Long-term behavioral and biochemical effects of an ultra-low dose of Δ9-tetrahydrocannabinol (THC): neuroprotection and ERK signaling
- 1.1k Downloads
We have previously reported that a single injection of an ultra-low dose of delta-9-tetrahydrocannabinol (THC; the psychoactive ingredient of marijuana) protected the brain from pentylenentetrazole (PTZ)-induced cognitive deficits when applied 1–7 days before or 1–3 days after the insult. In the present study we expanded the protective profile of THC by showing that it protected mice from cognitive deficits that were induced by a variety of other neuronal insults, including pentobarbital-induced deep anesthesia, repeated treatment with 3,4 methylenedioxymethamphetamine (MDMA; “ecstasy”) and exposure to carbon monoxide. The protective effect of THC lasted for at least 7 weeks. The same ultra-low dose of THC (0.002 mg/kg, a dose that is 3–4 orders of magnitude lower than the doses that produce the known acute effects of the drug in mice) induced long-lasting (7 weeks) modifications of extracellular signal–regulated kinase (ERK) activity in the hippocampus, frontal cortex and cerebellum of the mice. The alterations in ERK activity paralleled changes in its activating enzyme MEK and its inactivating enzyme MKP-1. Furthermore, a single treatment with the low dose of THC elevated the level of pCREB (phosphorylated cAMP response element–binding protein) in the hippocampus and the level of BDNF (brain-derived neurotrophic factor) in the frontal cortex. These long-lasting effects indicate that a single treatment with an ultra-low dose of THC can modify brain plasticity and induce long-term behavioral and developmental effects in the brain.
KeywordsCannabinoid Neuroprotection Preconditioning Cognitive deficit Extracellular signal–regulated kinase (ERK)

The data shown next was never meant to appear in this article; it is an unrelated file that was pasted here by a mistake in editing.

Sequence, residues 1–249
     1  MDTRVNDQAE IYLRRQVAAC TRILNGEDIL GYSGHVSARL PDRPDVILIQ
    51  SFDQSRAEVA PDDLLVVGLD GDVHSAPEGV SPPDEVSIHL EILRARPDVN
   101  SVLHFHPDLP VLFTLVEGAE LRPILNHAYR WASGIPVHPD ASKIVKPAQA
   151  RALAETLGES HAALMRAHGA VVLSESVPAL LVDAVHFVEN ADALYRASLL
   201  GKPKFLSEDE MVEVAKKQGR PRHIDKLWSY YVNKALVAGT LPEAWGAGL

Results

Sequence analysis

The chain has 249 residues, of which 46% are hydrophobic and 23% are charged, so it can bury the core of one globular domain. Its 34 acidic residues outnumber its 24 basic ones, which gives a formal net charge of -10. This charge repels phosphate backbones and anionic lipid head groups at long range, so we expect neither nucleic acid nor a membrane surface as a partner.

Tetrahydrocannabinol was kindly donated by Prof. R Mechoulam of The Hebrew University of Jerusalem, Israel, and by The National Institute on Drug Abuse (NIDA), USA. This study was supported by the Israel Anti Drug and Alcohol Authority.
- Maresz K, Pryce G, Ponomarev ED, Marsicano G, Croxford JL, Shriver LP, Ledent C, Cheng X, Carrier EJ, Mann MK, Giovannoni G, Pertwee RG, Yamamura T, Buckley NE, Hillard CJ, Lutz B, Baker D, Dittel BN (2007) Direct suppression of CNS autoimmune inflammation via the cannabinoid receptor CB1 on neurons and CB2 on autoreactive T cells. Nat Med 13:492–497PubMedCrossRefGoogle Scholar
- Marsicano G, Goodenough S, Monory K, Hermann H, Eder M, Cannich A, Azad SC, Cascio MG, Gutierrez SO, van der Stelt M, Lopez-Rodriguez ML, Casanova E, Schutz G, Zieglgansberger W, Di Marzo V, Behl C, Lutz B (2003) CB1 cannabinoid receptors and on-demand defense against excitotoxicity. Science 302:84–88PubMedCrossRefGoogle Scholar
- Rostami F, Oryan S, Ahmadiani A, Dargahi L (2012) Morphine Preconditioning Protects Against LPS-Induced Neuroinflammation and Memory Deficit. J Mol Neurosci. doi: 10.1007/sl1231-012-9726-4
- Rubino T, Vigano D, Realini N, Guidali C, Braida D, Capurro V, Castiglioni C, Cherubino F, Romualdi P, Candeletti S, Sala M, Parolaro D (2008) Chronic delta 9-tetrahydrocannabinol during adolescence provokes sex-dependent changes in the emotional profile in adult rats: behavioral and biochemical correlates. Neuropsychopharmacology 33:2760–2771PubMedCrossRefGoogle Scholar
- Rubino T, Realini N, Braida D, Guidi S, Capurro V, Vigano D, Guidali C, Pinter M, Sala M, Bartesaghi R, Parolaro D (2009) Changes in hippocampal morphology and neuroplasticity induced by adolescent THC treatment are associated with cognitive impairment in adulthood. Hippocampus 19:763–772PubMedCrossRefGoogle Scholar